The overwhelming answer: young black males. Why? Racial and economic biases which are integral to the U.S. prison system. At this time, one of four black men, aged 20-29 (23%) are subject to the criminal justice system. The figure is 6.2% for white males and 10.4% for Hispanic males. Nationwide, the imprisonment rate for African-Americans is nine times that of white Americans.
For young black men there is a clear interplay of racial and economic factors which contribute to their high rate of imprisonment. Low-income defendants are twice as likely to receive prison sentences as higher income defendants. For African-Americans, whose unemployment rate is twice that of white families, economic disenfranchisement puts young black males overwhelmingly in the category of low-income defendants.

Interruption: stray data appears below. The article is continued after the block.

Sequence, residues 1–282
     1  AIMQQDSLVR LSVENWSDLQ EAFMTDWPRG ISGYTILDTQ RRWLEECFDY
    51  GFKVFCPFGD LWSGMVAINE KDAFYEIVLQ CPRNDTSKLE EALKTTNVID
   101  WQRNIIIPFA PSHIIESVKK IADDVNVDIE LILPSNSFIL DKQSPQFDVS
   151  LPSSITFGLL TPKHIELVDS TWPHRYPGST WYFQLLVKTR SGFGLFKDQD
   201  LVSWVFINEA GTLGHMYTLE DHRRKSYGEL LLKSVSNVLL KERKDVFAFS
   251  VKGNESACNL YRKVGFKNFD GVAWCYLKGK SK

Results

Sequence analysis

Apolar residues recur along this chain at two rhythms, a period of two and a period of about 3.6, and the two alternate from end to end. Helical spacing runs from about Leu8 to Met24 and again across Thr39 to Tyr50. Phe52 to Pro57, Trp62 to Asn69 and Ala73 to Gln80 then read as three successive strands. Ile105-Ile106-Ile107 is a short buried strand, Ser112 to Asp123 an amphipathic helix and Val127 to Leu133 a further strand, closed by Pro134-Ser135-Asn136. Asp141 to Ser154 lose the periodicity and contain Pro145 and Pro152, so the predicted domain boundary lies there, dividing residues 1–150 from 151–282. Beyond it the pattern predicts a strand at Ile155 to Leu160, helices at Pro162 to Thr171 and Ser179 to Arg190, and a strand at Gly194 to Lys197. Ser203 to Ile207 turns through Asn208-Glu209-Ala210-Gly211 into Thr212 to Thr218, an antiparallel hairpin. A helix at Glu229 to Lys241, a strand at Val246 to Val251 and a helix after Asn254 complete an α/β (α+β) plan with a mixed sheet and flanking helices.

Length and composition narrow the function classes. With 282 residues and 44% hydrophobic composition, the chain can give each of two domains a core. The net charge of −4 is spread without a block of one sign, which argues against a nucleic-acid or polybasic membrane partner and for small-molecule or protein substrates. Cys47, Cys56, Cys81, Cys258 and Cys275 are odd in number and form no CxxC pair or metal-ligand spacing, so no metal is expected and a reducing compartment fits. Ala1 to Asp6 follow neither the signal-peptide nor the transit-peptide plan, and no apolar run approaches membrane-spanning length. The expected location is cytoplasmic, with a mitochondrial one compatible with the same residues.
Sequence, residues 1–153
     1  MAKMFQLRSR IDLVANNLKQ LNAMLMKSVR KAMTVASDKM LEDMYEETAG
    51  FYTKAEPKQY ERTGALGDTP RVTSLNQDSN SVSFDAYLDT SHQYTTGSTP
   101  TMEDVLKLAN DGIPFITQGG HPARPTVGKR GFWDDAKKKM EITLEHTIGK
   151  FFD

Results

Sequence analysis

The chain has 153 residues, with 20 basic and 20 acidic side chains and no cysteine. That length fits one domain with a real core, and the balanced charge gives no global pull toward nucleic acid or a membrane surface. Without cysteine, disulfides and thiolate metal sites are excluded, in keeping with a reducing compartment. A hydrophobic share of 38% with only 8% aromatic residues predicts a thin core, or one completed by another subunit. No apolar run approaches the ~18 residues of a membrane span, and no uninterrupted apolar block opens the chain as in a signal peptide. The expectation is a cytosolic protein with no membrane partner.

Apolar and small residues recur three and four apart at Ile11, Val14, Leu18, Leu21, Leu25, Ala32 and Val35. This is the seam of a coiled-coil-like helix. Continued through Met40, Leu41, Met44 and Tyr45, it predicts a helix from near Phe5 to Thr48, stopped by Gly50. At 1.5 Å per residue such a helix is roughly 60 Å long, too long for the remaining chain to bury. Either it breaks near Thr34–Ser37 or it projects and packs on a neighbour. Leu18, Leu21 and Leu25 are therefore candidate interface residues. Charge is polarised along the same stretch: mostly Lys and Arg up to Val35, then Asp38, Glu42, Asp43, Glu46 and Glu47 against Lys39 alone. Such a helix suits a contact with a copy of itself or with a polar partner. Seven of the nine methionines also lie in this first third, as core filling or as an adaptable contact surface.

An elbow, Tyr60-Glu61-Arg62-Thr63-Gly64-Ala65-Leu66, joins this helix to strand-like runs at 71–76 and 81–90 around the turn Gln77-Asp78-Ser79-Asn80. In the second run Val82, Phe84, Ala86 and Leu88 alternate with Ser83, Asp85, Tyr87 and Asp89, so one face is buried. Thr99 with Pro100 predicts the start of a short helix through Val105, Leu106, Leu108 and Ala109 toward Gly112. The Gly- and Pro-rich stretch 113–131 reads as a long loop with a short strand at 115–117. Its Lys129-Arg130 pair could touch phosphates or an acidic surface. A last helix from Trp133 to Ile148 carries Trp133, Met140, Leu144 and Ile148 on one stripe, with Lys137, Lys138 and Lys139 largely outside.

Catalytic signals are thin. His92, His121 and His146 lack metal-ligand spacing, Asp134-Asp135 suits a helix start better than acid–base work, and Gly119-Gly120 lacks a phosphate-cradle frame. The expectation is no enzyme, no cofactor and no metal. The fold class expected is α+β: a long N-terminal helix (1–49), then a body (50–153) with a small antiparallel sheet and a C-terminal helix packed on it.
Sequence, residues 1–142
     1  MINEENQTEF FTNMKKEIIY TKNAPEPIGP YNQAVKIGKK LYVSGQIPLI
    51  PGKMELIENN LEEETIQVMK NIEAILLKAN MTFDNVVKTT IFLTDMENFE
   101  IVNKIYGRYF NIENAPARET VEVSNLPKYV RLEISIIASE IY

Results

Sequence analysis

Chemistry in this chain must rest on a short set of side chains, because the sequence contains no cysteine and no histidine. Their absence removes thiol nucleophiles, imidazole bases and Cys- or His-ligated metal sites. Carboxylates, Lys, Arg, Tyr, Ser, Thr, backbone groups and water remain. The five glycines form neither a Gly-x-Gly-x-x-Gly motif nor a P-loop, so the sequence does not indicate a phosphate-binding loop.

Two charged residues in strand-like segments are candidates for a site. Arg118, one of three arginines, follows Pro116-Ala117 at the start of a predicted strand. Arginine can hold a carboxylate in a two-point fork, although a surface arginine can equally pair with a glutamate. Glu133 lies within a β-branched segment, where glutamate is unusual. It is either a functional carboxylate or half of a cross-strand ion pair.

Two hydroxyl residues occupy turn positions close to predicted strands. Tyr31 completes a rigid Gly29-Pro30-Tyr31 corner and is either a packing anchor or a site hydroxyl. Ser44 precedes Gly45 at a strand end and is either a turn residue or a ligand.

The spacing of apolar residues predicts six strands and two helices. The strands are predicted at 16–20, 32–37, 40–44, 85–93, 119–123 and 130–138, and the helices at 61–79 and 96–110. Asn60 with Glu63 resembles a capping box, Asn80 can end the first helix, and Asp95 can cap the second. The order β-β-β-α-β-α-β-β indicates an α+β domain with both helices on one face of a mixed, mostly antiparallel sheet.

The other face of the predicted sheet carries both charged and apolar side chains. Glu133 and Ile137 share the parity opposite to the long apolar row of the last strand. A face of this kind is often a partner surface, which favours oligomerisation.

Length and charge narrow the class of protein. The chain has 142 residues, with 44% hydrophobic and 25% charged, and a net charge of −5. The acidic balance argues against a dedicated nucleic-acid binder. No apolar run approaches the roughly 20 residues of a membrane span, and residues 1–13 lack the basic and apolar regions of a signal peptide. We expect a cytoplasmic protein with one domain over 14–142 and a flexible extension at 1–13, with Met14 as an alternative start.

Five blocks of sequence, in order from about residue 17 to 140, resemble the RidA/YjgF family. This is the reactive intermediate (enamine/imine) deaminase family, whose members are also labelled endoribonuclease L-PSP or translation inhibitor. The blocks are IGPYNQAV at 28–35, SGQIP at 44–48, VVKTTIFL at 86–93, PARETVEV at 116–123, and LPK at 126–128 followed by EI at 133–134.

At every stage of the criminal justice system - arrest, charges, prosecution, sentencing and parole - discretion on the part of the police, judges and prosecutors profoundly influences a defendant's fate within the criminal system. African-Americans are especially vulnerable to the random nature of discretion, particularly when it is inevitably informed by race bias so integral to our society.
So it is easy to believe that three of four people incarcerated in America were earning less than $10,000 a year at the time of their arrest. Most of these poor people were young black males. It also comes as no surprise that black prisoners serve 20% longer sentences than whites for similar crimes.
If time served by black prisoners were reduced to parity with whites, the federal system would require 3,000 fewer prison cells, enough to empty six of their newest 500-bed prisons.
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